Interview With Jessica Whitfield About Sequential Art and Monogatari

Jessica is one of the collaborating artists in Monogatari. We didn’t have the chance to meet as she couldn’t make it to the release party. Her story about the Romance Car, a train that travels from Tokyo to Hakone, shows a keen observation of Japan with a perfect dash of whimsy. Jessica kindly took the time to reply to my questions about her work.
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Q: How long have your been making sequential art?

I’ve been sketching cartoon strips for about 6 months. It started as a diary to try and remember funny things my friends said during the day. Monogatarizine with ToCo is my first published piece!

Q: What do you like about sequential art compared toother forms of expression?

I like that sequential art is very accessible. You don’t have to understand art to get it. It’s also a little nostalgic.

Q: What inspired your story for Monogatari?

I think Japan must be the only country in the world to make people fall in love with trains. Nearly every one I met in Japan would get animated talking about their favourite train line. I worked in a kindergarten so trains were a massive deal for the kids and a great way to make friends! My favourite train in Japan is the romance car; I love the style, the destination (Hakone)and the name of it.

Q: What are you most proud of in your story?

I feel proud that I was able to capture the small things that made me love Tokyo; like the little plant pots outside houses and seasonal flowers.

What was the biggest challenge in making your story?

The hardest aspect was coming up with an original plot! I wanted it to be a love story but not too cliché or soppy.

Q: Do you have any favorite stories or sequential artiststhat you recommend to readers?

I love Dodge Greenley’s instagram comics. Yumi Sakugawa is another inspirational sequential illustrator!

Q: Where can people find out more about your work?

For now, just my instagram: genki_jess

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Kanna Arts Matsuri 2018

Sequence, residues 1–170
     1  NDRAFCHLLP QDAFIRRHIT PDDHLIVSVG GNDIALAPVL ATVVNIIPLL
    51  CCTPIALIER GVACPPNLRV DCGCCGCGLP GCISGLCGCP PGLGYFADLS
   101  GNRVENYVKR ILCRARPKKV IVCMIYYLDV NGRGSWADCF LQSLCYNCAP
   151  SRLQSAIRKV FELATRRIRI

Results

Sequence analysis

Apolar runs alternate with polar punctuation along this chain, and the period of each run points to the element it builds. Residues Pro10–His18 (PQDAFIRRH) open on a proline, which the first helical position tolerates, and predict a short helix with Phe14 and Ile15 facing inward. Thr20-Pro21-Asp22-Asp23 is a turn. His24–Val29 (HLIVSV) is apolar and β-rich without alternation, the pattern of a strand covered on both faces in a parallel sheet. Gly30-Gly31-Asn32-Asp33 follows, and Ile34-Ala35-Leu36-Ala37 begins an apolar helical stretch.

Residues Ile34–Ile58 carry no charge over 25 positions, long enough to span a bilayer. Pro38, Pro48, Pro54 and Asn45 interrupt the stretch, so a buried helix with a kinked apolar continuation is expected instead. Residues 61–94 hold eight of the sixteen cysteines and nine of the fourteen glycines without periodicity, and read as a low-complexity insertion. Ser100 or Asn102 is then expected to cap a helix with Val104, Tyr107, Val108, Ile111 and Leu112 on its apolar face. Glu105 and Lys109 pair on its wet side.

This view  greets me overtime I return to Onishi. The weather may change but the green and the water are always welcoming.

Onishi, Gunma has a great art residency program with Shiro Oni Studio. The studio and the town are really doing great things to support art. 2018 marks the fourth Kanna Art Matsuri. This festival also showcases the work by the artists in residence during that session.  It’s  a great time to relax, meet people and enjoy looking at and talking about art.

I really enjoyed the residents’ artist talks. In fact, I was so into what they were saying, I forgot to take photos!

As a past artist in residence and being a local-ish artist, I was invited to participate. This year I showed three pieces I took in Onishi during different visits. I printed on washi paper and mounted them on gessoed wood panel.

The chair scene and the glass of plum wine are from a summer I was writing haiku on the second floor of the Shiro Oni Studio’s repurposed old kimono shop called Kinuya.

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My work just before taking it down.

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The Kura of the old sake brewery that hosts Kana Arts Matsuri

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I had a chance to continue my mushroom photo project after I helped with the deinstall. I appreciate the way Shiro Oni Studio gives different ways to work on one’s art practice and also experience nature.

Thanks Shiro Oni Studios and artists for the great art festival!

 

note: edited Nov 3rd, 2018 to put in the correct video–the Sanba River instead of the hedgehog video. Though hedgehog was pretty cute.

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Interview with Tania Vicedo About Sequential Art and Monogatari.

Tania-Vicedo_Artist-profile-pictureI met Tania Vicedo on the day of the Monogatari Release party set up. I love the pared-down style of her images. She really gets to the essence of her subject. I enjoyed speaking with her about her work. She graciously took the time to answer questions about her art and creative process for her story in Monogatari.

Q: How long have your been making sequential art?
I made my first comics when I was a teenager inspired by manga and the cartoons on TV. However by that time I don’t think I finished any of the stories completely.

During my MA Communication Design at Kingston University, London (2014–2016) I got interested again in sequential art specifically in wordless stories. I really enjoyed books by the independent publisher Nobrow. In consequence to that, my final project was a wordless and completely handmade book on the topic of emotions. To see the project please visit this link: https://taniavicedo.net/Emotional-Symmetries-book